The Lincoln Plawg - the blog with footnotes

Politics and law from a British perspective (hence Politics LAW BloG): ''People who like this sort of thing...'' as the Great Man said

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Friday, December 03, 2004

Ronnie Earle's self-prosecution: no slam-dunk

The Dem talking-points on Earle, in response to Tom DeLay and friends' propaganda campaign, start with the fact that most pols he prosecuted were Dems [1].

The follow-up is that he prosecuted himself. A piece on Earle in the CSM yesterday ledes - and a very feature lede too! - with the story:
Justice of the Peace Guy Herman was sitting in his office one day when a prosecutor walked in to file charges for improper campaign-finance reporting. Against himself.

The man was Ronnie Earle, the Travis County district attorney, bringing a self-incriminating complaint for tardy reporting in 1981 and 1982.

It's an effective story, from more than one angle: the George Washington cherry tree vibe, for instance. And the Oprah confessional - America love the repentant sinner!

It's just because it's an effective story that I feel moved to doubt the motivation [2]. I doubt that he deliberately filed late; but perhaps he saw the advantage of arranging his own little integrity test, that he was pre-ordained to pass, to have in his locker whenever his probity was called into question.

And it's so much snappier than anything John Kerry managed to get from his Vietnam service to bolster his national security credentials.

Moving beyond hypothesis, the CSM piece has some useful background: personal bio (more good stories) and stuff on earlier cases.

On the point of jurisdiction, it says
Unlike most states, Texas does not give its attorney general the power to prosecute criminal acts at the state level. That task goes to the Travis County district attorney - a responsibility Earle took on, forming a public-integrity unit to look into such abuses.

Chapter 2 of the Code of Criminal Procedure lays down the jurisdiction of the various species of law officers in Texas: no special mention there of the Travis County DA, that I can find. The rule must be expressed differently, or be somewhere else.

The piece refers to the prosecution of Kay Bailey Hutchison
for allegedly misusing state telephones for political business. At a pretrial hearing, the judge questioned the admissibility of the prosecution's evidence and Earle declined to present a case. That led to Senator Hutchison's acquittal, and many saw the DA as an amateur.

And to that of
...Attorney General Jim Mattox for bribery in 1985. While pushing a state lawsuit against Mobil Oil Co., the Democratic AG argued with Mobil's lawyers, which led to his indictment.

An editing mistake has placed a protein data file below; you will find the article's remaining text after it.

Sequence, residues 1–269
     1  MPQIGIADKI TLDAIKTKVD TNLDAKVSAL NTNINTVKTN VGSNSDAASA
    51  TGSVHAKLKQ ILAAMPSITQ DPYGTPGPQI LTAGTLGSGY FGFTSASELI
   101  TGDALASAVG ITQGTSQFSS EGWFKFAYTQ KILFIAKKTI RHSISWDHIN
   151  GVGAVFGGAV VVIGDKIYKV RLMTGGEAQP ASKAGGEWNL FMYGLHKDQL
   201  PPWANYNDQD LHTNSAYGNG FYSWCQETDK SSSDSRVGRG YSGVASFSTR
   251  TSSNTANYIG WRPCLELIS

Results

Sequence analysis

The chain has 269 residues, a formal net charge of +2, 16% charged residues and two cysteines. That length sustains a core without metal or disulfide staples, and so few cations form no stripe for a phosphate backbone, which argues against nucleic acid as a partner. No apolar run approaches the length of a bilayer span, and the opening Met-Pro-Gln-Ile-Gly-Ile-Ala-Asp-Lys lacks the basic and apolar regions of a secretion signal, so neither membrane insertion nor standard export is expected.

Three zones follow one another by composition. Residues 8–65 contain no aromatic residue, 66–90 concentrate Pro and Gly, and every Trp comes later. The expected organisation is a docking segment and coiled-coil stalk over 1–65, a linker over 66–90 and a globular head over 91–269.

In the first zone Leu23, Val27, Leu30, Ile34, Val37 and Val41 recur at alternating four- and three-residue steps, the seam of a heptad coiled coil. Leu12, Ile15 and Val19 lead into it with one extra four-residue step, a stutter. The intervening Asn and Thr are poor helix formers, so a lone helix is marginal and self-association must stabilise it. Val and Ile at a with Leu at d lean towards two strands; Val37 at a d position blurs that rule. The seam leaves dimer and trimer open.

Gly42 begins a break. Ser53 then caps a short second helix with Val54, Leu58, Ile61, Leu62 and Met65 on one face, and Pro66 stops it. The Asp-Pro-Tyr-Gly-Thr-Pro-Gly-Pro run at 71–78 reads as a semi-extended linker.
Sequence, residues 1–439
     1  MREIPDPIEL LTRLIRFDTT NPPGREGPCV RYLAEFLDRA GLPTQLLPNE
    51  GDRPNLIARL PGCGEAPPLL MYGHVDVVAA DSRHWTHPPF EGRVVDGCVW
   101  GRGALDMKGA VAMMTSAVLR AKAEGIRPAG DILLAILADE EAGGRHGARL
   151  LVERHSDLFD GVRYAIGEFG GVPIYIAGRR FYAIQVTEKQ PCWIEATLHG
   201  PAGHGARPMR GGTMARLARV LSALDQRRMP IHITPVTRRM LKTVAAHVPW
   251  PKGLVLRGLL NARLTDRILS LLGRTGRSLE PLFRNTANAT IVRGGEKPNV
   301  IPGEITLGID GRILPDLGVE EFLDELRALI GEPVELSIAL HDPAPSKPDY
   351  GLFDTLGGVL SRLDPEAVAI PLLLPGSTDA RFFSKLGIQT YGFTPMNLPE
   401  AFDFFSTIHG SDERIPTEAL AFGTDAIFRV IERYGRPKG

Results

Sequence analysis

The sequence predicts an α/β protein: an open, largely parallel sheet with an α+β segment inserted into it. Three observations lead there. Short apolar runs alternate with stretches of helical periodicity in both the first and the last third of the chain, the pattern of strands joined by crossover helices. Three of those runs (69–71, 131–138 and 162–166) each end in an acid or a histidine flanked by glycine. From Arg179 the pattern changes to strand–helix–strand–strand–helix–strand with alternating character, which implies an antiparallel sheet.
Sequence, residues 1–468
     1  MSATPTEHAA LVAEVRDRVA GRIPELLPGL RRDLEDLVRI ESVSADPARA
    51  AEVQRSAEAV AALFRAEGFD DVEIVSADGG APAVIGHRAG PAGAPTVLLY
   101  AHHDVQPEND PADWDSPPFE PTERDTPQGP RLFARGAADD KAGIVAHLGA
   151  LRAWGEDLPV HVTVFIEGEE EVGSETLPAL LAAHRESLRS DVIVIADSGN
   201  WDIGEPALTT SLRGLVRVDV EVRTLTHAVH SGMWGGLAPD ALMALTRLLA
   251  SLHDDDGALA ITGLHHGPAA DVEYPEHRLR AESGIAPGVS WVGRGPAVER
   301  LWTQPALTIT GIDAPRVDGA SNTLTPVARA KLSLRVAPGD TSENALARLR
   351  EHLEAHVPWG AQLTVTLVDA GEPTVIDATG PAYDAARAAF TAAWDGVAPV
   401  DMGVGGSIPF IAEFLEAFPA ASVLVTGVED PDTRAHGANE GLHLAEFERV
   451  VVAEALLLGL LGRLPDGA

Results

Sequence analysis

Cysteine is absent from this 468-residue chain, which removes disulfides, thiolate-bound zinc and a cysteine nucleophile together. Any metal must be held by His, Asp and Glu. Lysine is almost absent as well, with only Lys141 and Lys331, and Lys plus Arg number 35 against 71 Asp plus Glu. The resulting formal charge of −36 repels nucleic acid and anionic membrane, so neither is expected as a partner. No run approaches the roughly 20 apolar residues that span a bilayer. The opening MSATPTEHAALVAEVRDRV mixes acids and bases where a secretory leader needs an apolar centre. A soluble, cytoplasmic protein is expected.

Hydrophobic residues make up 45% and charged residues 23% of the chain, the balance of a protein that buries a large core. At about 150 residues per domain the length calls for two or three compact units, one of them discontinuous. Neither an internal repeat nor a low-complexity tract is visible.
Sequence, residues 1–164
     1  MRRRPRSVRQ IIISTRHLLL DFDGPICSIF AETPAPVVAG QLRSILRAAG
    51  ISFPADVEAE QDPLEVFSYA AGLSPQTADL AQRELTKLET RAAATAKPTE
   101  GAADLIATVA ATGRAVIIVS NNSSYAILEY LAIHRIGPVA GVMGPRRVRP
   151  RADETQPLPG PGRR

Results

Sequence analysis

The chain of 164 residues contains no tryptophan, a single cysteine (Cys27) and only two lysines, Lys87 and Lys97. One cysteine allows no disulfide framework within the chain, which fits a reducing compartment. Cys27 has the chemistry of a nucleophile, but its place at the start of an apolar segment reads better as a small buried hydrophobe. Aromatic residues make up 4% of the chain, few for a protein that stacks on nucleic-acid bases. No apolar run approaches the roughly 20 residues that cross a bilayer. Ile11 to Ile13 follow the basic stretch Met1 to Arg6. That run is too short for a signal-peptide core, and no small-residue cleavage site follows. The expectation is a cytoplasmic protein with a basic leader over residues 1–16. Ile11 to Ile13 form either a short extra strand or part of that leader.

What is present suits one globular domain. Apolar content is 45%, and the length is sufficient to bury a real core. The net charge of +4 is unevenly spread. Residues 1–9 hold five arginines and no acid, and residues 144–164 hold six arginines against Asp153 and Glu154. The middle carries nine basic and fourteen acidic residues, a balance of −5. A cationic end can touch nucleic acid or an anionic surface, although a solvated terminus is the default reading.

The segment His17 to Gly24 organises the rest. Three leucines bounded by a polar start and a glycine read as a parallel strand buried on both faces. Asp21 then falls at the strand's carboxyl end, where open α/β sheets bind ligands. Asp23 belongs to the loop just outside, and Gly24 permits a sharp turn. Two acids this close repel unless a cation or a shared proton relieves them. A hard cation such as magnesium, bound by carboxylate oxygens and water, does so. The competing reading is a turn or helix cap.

He was acquitted and years later, Jim Marston, a civil lawyer in Austin and friend of Mr. Mattox, asked Earle why he went ahead with the questionable case.

"I said, 'Ronnie, how can it be an abuse of power to threaten a lawyer? We threaten each other all the time.' He told me that elected officials are held to a higher standard. They are supposed to be [above suspicion] like Caesar's wife." It was then that Mr. Marston realized how deep Earle's principles run. "Ronnie Earle is a Boy Scout who is offended by wrongdoings, chief among them, public officials' abuse of power."

Just the faintest whiff of high-grade Capracorn there.

Marston also reassures us about the DeLay case:
If I have any complaint about Ronnie, it's that he is overly cautious about who he prosecutes. The fact that it has taken two years to investigate Tom DeLay is a sign not of partisanship, but of being completely careful...Ronnie is not going to prosecute a lousy case."

Almost a case of Everybody Loves Ronnie. When your ex-prosecutee's friend is handing out glowing testimonials...

The piece as a whole is certainly no whitewash job - the cases he discusses are from his failures column. It's the feature soft-edged quality to it, the general lack of any criticism that hasn't a compliment wrapped up inside, that makes me a tad suspicious.

It crossed my mind that the scribe, Kris Axtman, might have been a parachutist from Boston who had been given the tour. However, according to Mr Google, he has a load of pieces datelined Houston going back at least to 2002. So that explanation is clearly out.

My first piece on the subject (October 3) asked What's Ronnie Earle's deal? All told, I'm not much further forward in the quest for an answer.

As ever, more research needed...

  1. To which one counter-TP is, Earle goes back so far as Travis County DA (to 1977) that the pool of prosecutable pols were mostly Dems (the GOP secured the trifecta in Austin only with the 2002 elections).

    Still nothing definitive on whether the total is 15 or 16.

    (Earlier Plawg pieces on Earle.)

  2. I have no reason to doubt the basic facts: though doings in East Texas are not necessarily less opaque than those in the Mekong Delta, say.

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